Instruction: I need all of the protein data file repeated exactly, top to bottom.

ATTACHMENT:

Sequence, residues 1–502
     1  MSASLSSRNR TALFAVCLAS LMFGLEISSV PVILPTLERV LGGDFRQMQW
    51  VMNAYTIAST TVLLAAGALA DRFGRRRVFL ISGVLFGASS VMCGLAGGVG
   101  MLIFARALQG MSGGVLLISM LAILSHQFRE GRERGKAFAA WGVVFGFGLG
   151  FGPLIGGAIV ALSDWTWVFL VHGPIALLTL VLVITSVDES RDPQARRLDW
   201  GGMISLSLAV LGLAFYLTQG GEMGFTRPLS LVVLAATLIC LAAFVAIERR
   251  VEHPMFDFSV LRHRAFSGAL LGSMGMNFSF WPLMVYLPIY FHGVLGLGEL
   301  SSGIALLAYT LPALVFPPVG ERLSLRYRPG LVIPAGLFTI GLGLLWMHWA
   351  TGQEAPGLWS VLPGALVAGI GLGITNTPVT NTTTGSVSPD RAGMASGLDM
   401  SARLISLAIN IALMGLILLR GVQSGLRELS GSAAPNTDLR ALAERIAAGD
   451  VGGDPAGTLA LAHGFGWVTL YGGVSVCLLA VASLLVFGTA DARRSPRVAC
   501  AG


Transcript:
Sequence, residues 1–502
     1  MSASLSSRNR TALFAVCLAS LMFGLEISSV PVILPTLERV LGGDFRQMQW
    51  VMNAYTIAST TVLLAAGALA DRFGRRRVFL ISGVLFGASS VMCGLAGGVG
   101  MLIFARALQG MSGGVLLISM LAILSHQFRE GRERGKAFAA WGVVFGFGLG
   151  FGPLIGGAIV ALSDWTWVFL VHGPIALLTL VLVITSVDES RDPQARRLDW
   201  GGMISLSLAV LGLAFYLTQG GEMGFTRPLS LVVLAATLIC LAAFVAIERR
   251  VEHPMFDFSV LRHRAFSGAL LGSMGMNFSF WPLMVYLPIY FHGVLGLGEL
   301  SSGIALLAYT LPALVFPPVG ERLSLRYRPG LVIPAGLFTI GLGLLWMHWA
   351  TGQEAPGLWS VLPGALVAGI GLGITNTPVT NTTTGSVSPD RAGMASGLDM
   401  SARLISLAIN IALMGLILLR GVQSGLRELS GSAAPNTDLR ALAERIAAGD
   451  VGGDPAGTLA LAHGFGWVTL YGGVSVCLLA VASLLVFGTA DARRSPRVAC
   501  AG